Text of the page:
The tunnel served as a passageway to transport bodies and supplies in and out of the sanatorium. It was built on the first floor with the rest of the building. The corridor is 500 feet to the bottom of the hill and has a set of stairs on one side, which were the stairs used for the workers. On the other side, there was a cart that moved up and down the staircase which transported supplies and other necessities.

Since antibiotics did not exist in the time that the sanatorium was active, other forms of aid were used to treat TB patients. For example, heat lamps, fresh air, and positive talk and reassurance helped to keep patients alive, since the death rate of TB patients at the time was one death per day. However, at the peak of the disease, the sight of the dead being carried away in full view of the patients lowered the patient morale. Therefore, the sanatorium tried transporting the dead bodies as secretively as possible to increase the morale and lower the death rates, using the tunnel to that end. The doctors and workers of this time also believed that this would help to lower the disease's spreading rate.[14]

Hence, the tunnel was also known as the "Body Chute" or "Death Tunnel" by the locals and paranormal investigators visiting the sanatorium.

Apart from transporting dead bodies out of the sanatorium, the tunnel also served as a temporary air raid shelter during World War II.[18]


After Alberhasky's efforts failed, Waverly Hills was sold to Tina and Charlie Mattingly in 2001. The Mattinglys hold tours of Waverly Hills and host a haunted house attraction each Halloween, with proceeds going toward restoration of the property. They're also currently restoring all the windows in the decrepit building while restoring the interior of the old sanatorium.[19][20]

Sounds of the Underground Music Festival[edit]

Waverly Hills Sanatorium hosted the last show of the touring music festival Sounds of the Underground on August 11, 2007. The show featured prominent acts in the extreme metal and metalcore scene, including Job for a Cowboy, The Acacia Strain, Hatebreed, Shadows Fall, Chimaira, GWAR, Cameo, Lamb of God and The Number Twelve Looks Like You. Similar festivals or concerts will likely not happen again at the Waverly Hills Sanatorium, due to complaints made by local residents.[21]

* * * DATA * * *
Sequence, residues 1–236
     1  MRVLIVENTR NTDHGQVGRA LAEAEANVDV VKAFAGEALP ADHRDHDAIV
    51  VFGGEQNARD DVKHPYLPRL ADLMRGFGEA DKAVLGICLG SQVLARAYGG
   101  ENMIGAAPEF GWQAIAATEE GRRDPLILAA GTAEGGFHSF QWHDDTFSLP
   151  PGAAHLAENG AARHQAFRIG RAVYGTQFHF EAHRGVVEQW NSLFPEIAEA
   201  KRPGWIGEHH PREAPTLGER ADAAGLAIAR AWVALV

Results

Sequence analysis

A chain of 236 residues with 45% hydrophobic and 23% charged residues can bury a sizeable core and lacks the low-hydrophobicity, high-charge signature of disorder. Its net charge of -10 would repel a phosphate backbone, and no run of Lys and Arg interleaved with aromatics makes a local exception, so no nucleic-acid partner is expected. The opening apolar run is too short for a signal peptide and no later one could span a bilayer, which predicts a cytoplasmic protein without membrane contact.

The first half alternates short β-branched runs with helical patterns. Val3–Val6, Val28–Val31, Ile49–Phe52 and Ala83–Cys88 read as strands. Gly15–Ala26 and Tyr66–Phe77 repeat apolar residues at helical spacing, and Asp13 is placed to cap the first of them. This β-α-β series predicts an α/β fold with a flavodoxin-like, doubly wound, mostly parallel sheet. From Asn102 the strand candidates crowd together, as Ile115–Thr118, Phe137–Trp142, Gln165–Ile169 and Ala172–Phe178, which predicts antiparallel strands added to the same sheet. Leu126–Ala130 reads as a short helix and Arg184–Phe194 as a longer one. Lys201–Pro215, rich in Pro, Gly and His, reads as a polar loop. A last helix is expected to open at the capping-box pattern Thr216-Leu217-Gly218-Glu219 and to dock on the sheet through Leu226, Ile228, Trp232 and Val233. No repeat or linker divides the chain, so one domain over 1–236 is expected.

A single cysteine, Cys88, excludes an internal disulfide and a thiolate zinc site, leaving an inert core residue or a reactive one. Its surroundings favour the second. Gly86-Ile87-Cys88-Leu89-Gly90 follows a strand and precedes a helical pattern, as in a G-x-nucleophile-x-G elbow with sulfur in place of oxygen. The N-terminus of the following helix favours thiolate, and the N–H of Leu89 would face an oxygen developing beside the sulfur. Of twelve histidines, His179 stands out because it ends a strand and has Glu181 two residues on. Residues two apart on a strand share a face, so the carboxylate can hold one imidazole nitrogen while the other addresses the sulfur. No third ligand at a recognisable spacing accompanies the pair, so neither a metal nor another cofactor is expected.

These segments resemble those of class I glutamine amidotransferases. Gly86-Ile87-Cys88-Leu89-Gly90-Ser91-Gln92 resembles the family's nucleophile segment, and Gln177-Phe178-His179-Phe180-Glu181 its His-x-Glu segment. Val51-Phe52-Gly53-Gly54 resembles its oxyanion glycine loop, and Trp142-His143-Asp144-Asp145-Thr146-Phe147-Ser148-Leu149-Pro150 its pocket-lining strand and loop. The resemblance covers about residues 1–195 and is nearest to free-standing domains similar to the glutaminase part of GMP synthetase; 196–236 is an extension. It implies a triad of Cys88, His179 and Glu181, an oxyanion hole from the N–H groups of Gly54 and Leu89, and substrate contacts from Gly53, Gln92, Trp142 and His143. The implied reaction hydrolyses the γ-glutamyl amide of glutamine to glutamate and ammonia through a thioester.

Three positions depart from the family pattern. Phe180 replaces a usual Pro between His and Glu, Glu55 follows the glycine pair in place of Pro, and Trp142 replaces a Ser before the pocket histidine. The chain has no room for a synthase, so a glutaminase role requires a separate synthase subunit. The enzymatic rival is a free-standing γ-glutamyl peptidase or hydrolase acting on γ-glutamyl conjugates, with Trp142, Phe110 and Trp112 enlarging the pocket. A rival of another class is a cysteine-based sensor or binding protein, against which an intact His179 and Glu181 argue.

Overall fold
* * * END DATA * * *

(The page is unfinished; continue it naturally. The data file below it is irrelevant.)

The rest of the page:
The old sanatorium is currently owned by Charlie and Tina Mattingly. The couple purchased the site for $230,000 in 2001 in hopes of restoring the sanatorium and turning it into a local tourist site. Together with volunteers from Waverly Hills Historical Society, the group now runs regular historical and ghost tours all year round. [22]

In popular culture[edit]

See also[edit]


  1. ^ "National Register Information System". National Register of Historic Places. National Park Service. January 23, 2007.
  2. ^ Davis, Alex. "Spooky Waverly Hills may return as hotel", The Courier-Journal, August 7, 2008.[dead link]
  3. ^ Renovations hopeful for haunted hotel Archived January 13, 2009, at the Wayback Machine, Fox41.com
  4. ^ "Waverly Hills is preparing to open for Halloween tours, but its owners still have bigger plans". Louisville Business First. Retrieved December 1, 2015.
  5. ^ a b c d Detert, Fred. "How Waverly Hills Got Its Name", Waverly Herald, circa 1953.
  6. ^ Postcard (with 2nd E), located in display case in the laundry building at Waverly
  7. ^ Postcard (without 2nd E)
  8. ^ Endowment booklet (with 2nd E)
  9. ^ a b Report of Board of Tuberculosis Hospitals (1915). Freepages.history.rootsweb.com. Retrieved on 2011-11-27.
  10. ^ "History of Waverly Hills", The Waverly Herald, pp. 3–4
  11. ^ "History of Waverly Hills", The Waverly Herald
  12. ^ Wilson, Dunning S.; Dittmar, L. J. Report of the Board of Tuberculosis Hospital, Dr. Dunning S Wilson was Medical Director of Waverly Hills. L. J. Dittmar was President of the Board of Tuberculosis Hospital.
  13. ^ "Sanatorium Has Waiting List for Treatment, Effective In Early Stages", The Louisville Times, December 5, 1928.
  14. ^ a b "Waverly Hills Sanatorium | Louisville Kentucky Paranormal Tours | Historical Photos". Waverly Hills Sanatorium | Louisville Kentucky Paranormal Tours. Retrieved November 5, 2018.
  15. ^ "Famed hospital now a white elephant", The Courier-Journal, August 13–14, 1986, p.1.
  16. ^ "World tallest Christ statue planned for Waverly Hills", The Courier-Journal [Louisville], March 1996: 1.
  17. ^ a b "Jesus statue 'would take a miracle'." Kentucky Post December 12, 1997: 1.
  18. ^ "The Infamous Body Chute at Waverly Hills Sanatorium". The Haunted Places. December 2, 2021. Retrieved June 7, 2022.
  19. ^ Seewer, John. "Haunted houses mix big-budget scenes and settings for ghoulish getaways", The Canadian Press, October 2, 2009.
  20. ^ "Waverly Hills Sanatorium Haunted House", The Courier-Journal, October 3, 2009.
  21. ^ "PLEASURE RIDGE PARK: Waverly Hills rock concert was its last: Neighbors outraged by noise, vulgarities", The Courier-Journal, August 22, 2007.
  22. ^ "The Infamous Body Chute at Waverly Hills Sanatorium". The Haunted Places. December 2, 2021. Retrieved June 7, 2022.
  23. ^ Hussain, Tania (May 27, 2020). "'Ghost Hunters': Kristen Luman Previews Team's 'Return to Waverly Hills' Sanatorium With Haunting Season Finale (Exclusive)". Popculture.com. Retrieved October 21, 2022.
  24. ^ "Ghost Adventures: TV Shows". Travel Channel. Retrieved November 27, 2011.
  25. ^ "Follow in the footsteps of Animal Planet's Turtleman". Lexington Herald Leader. May 31, 2013. Retrieved February 24, 2019.
  26. ^ "Call of the Wildman Season 3 Episode 18: The Bull and the Beautiful". TV Guide. September 15, 2013. Retrieved February 24, 2019.
  27. ^ Lovitt, Maggie (September 21, 2022). "'Ghost Files': Ryan Bergara & Shane Madej Unpack Their Return to Paranormal Investigation". Collider. Retrieved October 21, 2022.


External links[edit]

38°07′48.53″N 85°50′30.22″W / 38.1301472°N 85.8417278°W / 38.1301472; -85.8417278